Identity theft is a scary occurrence for any victim.  Theft of your social security number or other personally identifying information is traumatizing.  It is very disconcerting when identity theft victims discover that thieves have purchased electronics, clothing, or even cars using the stolen identity, but what if someone were to purchase an entire home in your name? 

While not as common as some social security number related scams, it can happen, and can be more devastating than other types of identity theft because it is often more difficult to resolve. There are a few different ways mortgage identity theft occurs.  The first and most obvious is the identity thief gains access to enough of your personal information to successfully impersonate you and uses this information to purchase a home in your name.  All of a sudden a mortgage company or bank mortgage department that you had no idea about shows up on your credit report.

 Another possibility which is often more devastating involves the home you already live in. The identity thief uses your personal information to transfer the deed of your home to either themselves, or a third party, without your knowledge.  You continue to live in your home and pay your mortgage, having no idea you no longer technically “own” the home you’re paying for.  Additionally, some thieves will represent themselves as legitimate title holders, offering color of title (meaning a forged deed) to a prospective home buyer in order to take the buyer’s money, while mortgaging or selling the real title to another party.  Sometimes the thief will pose as a broker and offer to consolidate payments to help struggling home owners.  Homeowners willingly give over their hard earned cash, however that money never makes it to the bank and the owners are left in a worse financial situation than when they started.

In order to avoid becoming a victim of mortgage identity theft, there are some steps a consumer can take to help minimize their risk.  The ITRC always recommends that consumers regularly check their credit reports to ensure there are no accounts being reported that they are unfamiliar with.  This is certainly true of credit cards, but mortgages also appear on your credit report.  Check to ensure there are no mortgages attached to your financial history that don’t belong to you. You are entitled to one free report from each of the credit reporting agencies and can access them online at www.annualcreditreport.com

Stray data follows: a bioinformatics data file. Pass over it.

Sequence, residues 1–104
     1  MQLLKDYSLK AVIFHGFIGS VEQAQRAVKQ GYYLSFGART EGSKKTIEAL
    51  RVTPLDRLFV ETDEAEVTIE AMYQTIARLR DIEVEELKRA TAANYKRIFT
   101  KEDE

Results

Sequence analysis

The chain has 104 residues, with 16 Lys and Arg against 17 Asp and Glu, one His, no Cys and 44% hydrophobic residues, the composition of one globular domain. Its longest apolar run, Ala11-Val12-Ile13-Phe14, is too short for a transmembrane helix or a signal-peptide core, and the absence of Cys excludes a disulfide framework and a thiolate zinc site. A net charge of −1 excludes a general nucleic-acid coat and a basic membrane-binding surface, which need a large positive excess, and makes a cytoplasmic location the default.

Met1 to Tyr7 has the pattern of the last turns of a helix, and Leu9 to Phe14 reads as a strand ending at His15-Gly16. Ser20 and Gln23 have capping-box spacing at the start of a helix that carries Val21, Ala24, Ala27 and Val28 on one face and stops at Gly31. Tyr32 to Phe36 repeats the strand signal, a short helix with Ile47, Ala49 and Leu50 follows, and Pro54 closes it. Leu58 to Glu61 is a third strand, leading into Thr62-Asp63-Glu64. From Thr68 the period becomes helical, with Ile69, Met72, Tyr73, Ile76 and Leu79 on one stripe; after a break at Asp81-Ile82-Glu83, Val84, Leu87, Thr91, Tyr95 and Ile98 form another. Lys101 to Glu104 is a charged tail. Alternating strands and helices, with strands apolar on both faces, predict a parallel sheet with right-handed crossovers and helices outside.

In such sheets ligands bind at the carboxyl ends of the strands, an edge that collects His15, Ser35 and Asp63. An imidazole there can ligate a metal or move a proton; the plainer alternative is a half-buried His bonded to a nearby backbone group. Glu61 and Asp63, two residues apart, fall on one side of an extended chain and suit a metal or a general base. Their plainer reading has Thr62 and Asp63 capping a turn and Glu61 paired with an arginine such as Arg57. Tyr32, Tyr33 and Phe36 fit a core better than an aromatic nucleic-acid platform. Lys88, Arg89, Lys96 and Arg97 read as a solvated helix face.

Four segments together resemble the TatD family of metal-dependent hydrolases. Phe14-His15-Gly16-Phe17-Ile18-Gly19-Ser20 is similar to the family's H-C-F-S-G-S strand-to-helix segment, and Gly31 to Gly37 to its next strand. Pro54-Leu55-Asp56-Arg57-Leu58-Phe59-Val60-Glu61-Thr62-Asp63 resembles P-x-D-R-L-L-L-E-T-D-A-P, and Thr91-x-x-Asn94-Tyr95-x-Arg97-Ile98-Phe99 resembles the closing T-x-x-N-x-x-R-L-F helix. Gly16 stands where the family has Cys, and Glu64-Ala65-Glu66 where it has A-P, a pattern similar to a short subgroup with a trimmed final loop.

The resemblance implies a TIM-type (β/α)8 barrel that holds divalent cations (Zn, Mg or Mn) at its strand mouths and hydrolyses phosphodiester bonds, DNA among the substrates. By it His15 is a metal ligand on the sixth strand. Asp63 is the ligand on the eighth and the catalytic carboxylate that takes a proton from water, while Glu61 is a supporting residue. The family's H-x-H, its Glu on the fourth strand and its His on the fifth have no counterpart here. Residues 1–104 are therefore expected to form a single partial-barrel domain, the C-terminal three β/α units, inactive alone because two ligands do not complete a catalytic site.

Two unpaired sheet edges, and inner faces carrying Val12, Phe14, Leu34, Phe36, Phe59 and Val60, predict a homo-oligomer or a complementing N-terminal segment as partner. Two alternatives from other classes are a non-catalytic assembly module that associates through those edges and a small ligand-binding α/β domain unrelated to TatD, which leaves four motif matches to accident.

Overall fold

A public records search is another available tool and can let you know if your deed has been transferred to another party without your knowledge.  Many identity protection plans include public records searches in their basic service, and some alert you to the use of your identity on a deed you are unaware of. There are also services that will allow you to do one time searches for a fee. Lastly, when you are purchasing a home it’s always a good idea to verify the property with the county recorder’s office to ensure the deed you’re paying for is a legitimate title and not a forgery.  These simple steps can go a long way to preventing the very serious issue of mortgage identity theft.

"Mortgage Identity Theft" was written by Matt Davis.  Matt is Director of Business Alliances at the Identity Theft Resource Center. We welcome you to post/reprint the above article, as written, giving credit to the author and linking back to the original posting.

 

 

 

 

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